These rules shall be applicable to a standard working class family which includes a spouse, two children apart from the earning worker. The Code shall fix a national floor for minimum wages based on the minimum standards of living inter alia medical requirement, recreation, expenditure and children’s education should constitute to 25 per cent of the minimum wages. Henceforth, it has classified expenditure limits across different heads on which the minimum wages will be calculated. The Code has also revised the rules for time intervals with regard to dearness allowance to a worker.  

    While calculating the minimum wages of a worker, tt is important to consider a consumption intake of 2700 calories and usage of 66 meters of clothing for a standard family. The Central Government has also proposed that employers have to make a prior intimation to an inspector within 10 days in case of deduction in wages of labour fo ...

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  • INDIA BANS 59 CHINESE APPS INCLUDING WECHAT, TIKTOK, HELO ETC.

    On 29 June 2020, the Ministry of Electronics and Information Technology (MeIT) banned 59 Chinese Apps including Tiktok, WeChat, Helo, Beauty Cam, Shein, Shareit, Clash of Kings, Kwai etc. The ban was imposed on a wide variety of mobile applications which served E-Commerce, News, Video Content, Utility Apps etc. backed by various large Chinese Technology companies.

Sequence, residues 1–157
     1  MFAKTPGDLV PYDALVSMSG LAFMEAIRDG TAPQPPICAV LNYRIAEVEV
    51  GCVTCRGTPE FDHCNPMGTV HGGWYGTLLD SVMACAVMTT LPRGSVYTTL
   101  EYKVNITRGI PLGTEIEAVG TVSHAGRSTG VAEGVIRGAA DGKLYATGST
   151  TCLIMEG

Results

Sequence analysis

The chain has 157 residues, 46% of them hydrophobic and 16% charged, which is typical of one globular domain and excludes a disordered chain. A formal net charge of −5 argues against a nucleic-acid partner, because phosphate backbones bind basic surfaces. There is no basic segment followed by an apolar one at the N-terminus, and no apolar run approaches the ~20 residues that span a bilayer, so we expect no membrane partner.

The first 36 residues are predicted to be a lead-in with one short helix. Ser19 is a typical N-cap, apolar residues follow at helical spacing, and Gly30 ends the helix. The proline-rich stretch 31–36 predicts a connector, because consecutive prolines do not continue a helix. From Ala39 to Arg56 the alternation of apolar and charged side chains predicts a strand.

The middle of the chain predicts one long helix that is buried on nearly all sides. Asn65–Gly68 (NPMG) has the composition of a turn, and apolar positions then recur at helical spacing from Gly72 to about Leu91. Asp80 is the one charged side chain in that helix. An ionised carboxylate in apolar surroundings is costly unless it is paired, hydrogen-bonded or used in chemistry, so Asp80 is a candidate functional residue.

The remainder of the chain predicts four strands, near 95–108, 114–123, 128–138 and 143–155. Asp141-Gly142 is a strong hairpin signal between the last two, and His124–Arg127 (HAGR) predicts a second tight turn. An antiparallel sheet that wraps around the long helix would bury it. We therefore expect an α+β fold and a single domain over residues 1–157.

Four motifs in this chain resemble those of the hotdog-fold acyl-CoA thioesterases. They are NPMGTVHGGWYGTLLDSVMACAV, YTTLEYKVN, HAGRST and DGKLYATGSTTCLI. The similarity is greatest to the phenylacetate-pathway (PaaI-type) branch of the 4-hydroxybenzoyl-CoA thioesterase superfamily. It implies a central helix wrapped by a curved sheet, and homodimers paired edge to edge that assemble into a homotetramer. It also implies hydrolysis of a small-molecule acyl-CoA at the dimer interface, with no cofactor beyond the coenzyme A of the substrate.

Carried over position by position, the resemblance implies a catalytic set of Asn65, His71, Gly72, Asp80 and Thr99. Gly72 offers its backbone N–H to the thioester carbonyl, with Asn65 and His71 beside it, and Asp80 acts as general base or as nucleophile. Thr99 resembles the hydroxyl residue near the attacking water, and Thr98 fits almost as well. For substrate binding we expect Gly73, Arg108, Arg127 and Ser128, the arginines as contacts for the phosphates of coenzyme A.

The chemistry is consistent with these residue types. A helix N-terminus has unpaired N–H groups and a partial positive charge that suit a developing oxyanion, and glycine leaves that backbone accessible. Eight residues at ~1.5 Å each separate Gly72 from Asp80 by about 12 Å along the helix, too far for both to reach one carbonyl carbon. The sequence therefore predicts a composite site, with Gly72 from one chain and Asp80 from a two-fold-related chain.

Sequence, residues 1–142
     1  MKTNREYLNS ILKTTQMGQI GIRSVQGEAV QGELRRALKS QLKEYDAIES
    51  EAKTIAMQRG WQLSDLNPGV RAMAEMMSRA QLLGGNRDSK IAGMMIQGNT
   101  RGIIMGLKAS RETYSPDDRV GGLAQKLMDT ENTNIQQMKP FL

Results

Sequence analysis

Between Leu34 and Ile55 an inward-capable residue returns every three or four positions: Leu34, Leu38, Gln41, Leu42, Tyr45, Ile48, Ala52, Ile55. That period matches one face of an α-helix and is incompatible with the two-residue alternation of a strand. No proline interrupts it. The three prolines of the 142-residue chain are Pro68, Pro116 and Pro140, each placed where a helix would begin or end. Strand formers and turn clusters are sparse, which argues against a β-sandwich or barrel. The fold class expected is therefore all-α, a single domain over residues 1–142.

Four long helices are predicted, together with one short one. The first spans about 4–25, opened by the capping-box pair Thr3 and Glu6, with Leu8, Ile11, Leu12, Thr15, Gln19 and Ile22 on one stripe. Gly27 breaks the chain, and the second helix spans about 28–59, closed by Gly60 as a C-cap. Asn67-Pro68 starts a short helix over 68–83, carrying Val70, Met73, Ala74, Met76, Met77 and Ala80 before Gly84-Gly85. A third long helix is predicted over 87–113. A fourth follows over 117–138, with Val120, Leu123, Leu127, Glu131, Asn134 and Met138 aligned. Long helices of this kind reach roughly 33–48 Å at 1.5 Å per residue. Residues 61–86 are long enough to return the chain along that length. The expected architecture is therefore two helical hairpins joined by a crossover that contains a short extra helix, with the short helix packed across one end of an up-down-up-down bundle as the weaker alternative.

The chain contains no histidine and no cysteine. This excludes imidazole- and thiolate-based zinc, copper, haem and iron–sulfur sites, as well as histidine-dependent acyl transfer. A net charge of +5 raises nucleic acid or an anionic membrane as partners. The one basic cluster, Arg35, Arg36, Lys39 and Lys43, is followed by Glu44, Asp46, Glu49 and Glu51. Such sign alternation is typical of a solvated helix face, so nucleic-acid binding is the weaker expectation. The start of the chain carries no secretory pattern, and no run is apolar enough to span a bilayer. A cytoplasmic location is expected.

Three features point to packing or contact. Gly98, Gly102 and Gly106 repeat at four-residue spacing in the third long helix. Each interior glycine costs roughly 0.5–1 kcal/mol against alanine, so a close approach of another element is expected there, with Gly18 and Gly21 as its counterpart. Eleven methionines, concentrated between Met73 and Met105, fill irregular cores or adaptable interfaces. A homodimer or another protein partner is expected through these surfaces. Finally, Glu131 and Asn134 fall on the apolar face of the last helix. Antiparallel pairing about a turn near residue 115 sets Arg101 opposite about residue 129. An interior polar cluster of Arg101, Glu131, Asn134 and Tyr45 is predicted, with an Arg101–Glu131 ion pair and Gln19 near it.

It is interesting to note that the Indian Government’s press release does not explicitly mention the term ‘Chinese Apps’ but all the applications so listed are wholly owned by Chinese companies. The ban has been implemented due to tensions between the Indo-China border. Mr. Ravi Shankar Prasad, the Minister for Electronics and Information Technology stated that the ban is called a ‘digital strike’ against China. Press reports suggest that MeIT was concerned regarding the ‘Level of Access’ these Chinese firms and companies have through the apps of an Indian user which results in their violation of privacy. The Indian Government’s major concern was with regard to National Intelligence Law provisions which allowed the Chinese Government to require their companies to collaborate with intelligence services and law enforcement.